# Network Analysis: Part 2- Worked Example (CPM)

## The Backward Pass

Till now we have calculated the Earliest Start Time (EST) and the Earliest Finish Time (EFT) for each task. Next, we need to re-time the network starting at the end and calculate the Latest Start Time (LST) and Latest Finish Time (LFT) for each task.

Therefore, starting with the earliest finish time for the whole project (99 days), we subtract the time of the last task (7 days) to obtain the latest time the finishing task can start without affecting the outcome.

Note that when making the backward pass to calculate latest times, one should consider all arrows coming out of a task box and choose the lowest or shortest time to that task. Completing this procedure for all activities yields a network picture as shown in Figure 4.

Slack

Now that we have completed the timings by a forward and backward pass, we can look for slack. In this simple network it is easy to see that the task Prepare site has slack. As mentioned earlier, Prepare site can start on day 10 but must finish by day 31. Since it takes only 7 days to complete, the slack is 14 days. We will write the slack in the empty slot in the bottom centre of the box. The remaining tasks have no slack at all (Figure 5).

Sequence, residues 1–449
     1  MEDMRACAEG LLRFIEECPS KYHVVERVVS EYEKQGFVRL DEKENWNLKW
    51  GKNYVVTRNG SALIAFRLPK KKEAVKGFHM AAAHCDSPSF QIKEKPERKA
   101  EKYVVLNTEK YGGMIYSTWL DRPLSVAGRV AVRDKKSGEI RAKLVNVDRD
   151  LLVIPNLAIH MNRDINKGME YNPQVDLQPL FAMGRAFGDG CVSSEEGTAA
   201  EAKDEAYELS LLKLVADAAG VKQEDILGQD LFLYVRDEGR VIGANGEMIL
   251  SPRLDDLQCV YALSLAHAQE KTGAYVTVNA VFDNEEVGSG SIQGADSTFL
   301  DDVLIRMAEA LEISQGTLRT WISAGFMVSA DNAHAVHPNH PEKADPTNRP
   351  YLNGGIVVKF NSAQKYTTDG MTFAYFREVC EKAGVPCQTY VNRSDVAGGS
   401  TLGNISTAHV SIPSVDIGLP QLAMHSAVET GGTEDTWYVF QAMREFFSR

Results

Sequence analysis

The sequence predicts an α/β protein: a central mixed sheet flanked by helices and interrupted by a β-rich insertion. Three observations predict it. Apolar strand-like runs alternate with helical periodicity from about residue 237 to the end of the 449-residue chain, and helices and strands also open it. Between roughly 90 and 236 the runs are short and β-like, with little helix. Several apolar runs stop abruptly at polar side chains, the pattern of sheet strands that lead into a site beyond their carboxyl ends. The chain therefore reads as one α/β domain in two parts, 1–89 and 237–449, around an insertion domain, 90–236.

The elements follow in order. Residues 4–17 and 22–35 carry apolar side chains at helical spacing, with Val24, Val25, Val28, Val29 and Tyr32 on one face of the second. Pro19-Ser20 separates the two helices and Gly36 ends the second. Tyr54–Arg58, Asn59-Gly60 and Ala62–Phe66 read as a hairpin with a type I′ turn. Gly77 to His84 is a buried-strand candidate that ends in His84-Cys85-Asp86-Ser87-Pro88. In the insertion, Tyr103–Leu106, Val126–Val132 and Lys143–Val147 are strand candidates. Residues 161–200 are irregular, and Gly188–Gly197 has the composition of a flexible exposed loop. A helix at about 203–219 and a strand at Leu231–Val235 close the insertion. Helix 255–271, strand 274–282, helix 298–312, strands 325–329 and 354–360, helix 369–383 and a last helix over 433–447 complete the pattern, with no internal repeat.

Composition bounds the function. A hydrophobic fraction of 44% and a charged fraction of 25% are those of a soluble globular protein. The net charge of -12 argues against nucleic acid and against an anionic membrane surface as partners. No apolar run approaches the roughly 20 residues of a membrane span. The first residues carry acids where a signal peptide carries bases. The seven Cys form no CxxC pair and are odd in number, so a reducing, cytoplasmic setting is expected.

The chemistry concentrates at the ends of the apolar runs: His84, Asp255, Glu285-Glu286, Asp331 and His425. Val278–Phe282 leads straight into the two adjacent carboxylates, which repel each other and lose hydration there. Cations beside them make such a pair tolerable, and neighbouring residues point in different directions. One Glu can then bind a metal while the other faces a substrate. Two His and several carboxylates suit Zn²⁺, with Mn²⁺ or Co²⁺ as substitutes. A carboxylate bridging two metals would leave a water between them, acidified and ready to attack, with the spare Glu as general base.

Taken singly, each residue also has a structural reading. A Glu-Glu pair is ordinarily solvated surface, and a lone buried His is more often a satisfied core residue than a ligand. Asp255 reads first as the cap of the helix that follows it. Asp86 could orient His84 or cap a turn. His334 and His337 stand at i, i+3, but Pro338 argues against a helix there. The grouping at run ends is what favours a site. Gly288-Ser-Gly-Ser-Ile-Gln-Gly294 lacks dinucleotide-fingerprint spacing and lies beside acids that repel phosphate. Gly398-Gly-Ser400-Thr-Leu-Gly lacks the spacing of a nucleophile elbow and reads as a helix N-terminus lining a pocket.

The Critical Path

To find the critical path, we look at the tasks whose earliest and latest start times are identical. Next, we determine which path between such tasks has no slack. By definition, that path is the critical path. The critical path is indicated by bold lines in Figure 6.

## Conclusion:

In its modern form, network analysis incorporates elements of both PERT and CPM. The presence of slack indicates that a task may be completed later than the Earliest Finish Time (EFT) without affecting the overall project duration. The critical path is the shortest path through the network and has no slack. Any delay in the critical path will delay the project.

## Useful Links:

Link to the first article in this series:

https://communitymedicine4all.com/2020/12/30/network-analysis-part-1-overview/

Link to notes on Operations Research by JE Beasly:

http://people.brunel.ac.uk/~mastjjb/jeb/or/netanal.html

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